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Bright Eyes



In “If the Brakeman Turns My Way,” Bright Eyes’ Conor Oberst muses, “I tried to pass for nothin’ but my dreams gave me away.” It’s a classic sort of Bright Eyes line and, as expected, Oberst sings it with impressively measured sincerity. But as if to prove a point about lofty visions gone awry, the song’s tone switches from bard-like simplicity to overpowering orchestral crescendos and rapid-fire drums, drowning the last of his words.

In all, Cassadaga employs 34 musicians and conductors. Backup vocals echo Oberst’s most poignant lines in ethereal whispers as if to drive home the point. Pedal steel predictably punctuates the most heartbreaking turns. And almost no space goes unfilled in the chorus of percussion, piano and classical strings.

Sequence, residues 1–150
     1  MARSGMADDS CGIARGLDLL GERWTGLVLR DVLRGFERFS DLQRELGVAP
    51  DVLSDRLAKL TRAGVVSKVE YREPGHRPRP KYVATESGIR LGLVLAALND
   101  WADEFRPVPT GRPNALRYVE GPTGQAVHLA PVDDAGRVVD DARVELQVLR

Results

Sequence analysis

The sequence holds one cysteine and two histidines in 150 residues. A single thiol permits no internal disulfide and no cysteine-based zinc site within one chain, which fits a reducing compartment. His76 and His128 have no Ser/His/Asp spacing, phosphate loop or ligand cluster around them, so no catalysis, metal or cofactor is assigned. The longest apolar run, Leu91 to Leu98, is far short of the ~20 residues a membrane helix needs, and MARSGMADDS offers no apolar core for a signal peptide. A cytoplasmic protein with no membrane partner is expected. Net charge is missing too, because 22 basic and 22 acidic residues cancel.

It’s not a bad album, though. Oberst is so adept with hooks and lyrics that at least some ribbon of brilliance can be gathered from any song. But the fracture between songs like “I Must Belong Somewhere,” which reveals honed, intimate storytelling, and political ditties like “Four Winds,” which points with hollow conviction at “the whores of Babylon” is of gaping contrast. Oberst shines most when he doesn’t bloat his songs with overproduced instrumentals, when his keen-edged vocals cut through dustier timbre. (Erika Fredrickson)

Bright Eyes plays the University Theatre Sunday, Oct. 28, at 8 PM. $26.50 plus fees.

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